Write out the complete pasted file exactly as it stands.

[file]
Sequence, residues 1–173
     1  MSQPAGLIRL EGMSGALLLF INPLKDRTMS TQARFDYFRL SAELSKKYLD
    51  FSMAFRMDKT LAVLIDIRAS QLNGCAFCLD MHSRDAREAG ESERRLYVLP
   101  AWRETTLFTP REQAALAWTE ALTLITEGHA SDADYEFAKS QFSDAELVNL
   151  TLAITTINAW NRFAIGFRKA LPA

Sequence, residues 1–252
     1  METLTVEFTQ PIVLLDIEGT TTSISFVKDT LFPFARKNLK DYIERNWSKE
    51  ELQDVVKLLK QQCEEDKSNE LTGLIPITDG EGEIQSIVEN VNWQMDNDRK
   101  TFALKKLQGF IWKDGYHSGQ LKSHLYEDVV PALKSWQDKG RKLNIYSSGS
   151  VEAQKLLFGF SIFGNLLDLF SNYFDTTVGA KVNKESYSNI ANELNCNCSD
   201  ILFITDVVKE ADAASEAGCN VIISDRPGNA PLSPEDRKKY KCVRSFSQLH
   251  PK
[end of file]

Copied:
Sequence, residues 1–173
     1  MSQPAGLIRL EGMSGALLLF INPLKDRTMS TQARFDYFRL SAELSKKYLD
    51  FSMAFRMDKT LAVLIDIRAS QLNGCAFCLD MHSRDAREAG ESERRLYVLP
   101  AWRETTLFTP REQAALAWTE ALTLITEGHA SDADYEFAKS QFSDAELVNL
   151  TLAITTINAW NRFAIGFRKA LPA

Sequence, residues 1–252
     1  METLTVEFTQ PIVLLDIEGT TTSISFVKDT LFPFARKNLK DYIERNWSKE
    51  ELQDVVKLLK QQCEEDKSNE LTGLIPITDG EGEIQSIVEN VNWQMDNDRK
   101  TFALKKLQGF IWKDGYHSGQ LKSHLYEDVV PALKSWQDKG RKLNIYSSGS
   151  VEAQKLLFGF SIFGNLLDLF SNYFDTTVGA KVNKESYSNI ANELNCNCSD
   201  ILFITDVVKE ADAASEAGCN VIISDRPGNA PLSPEDRKKY KCVRSFSQLH
   251  PK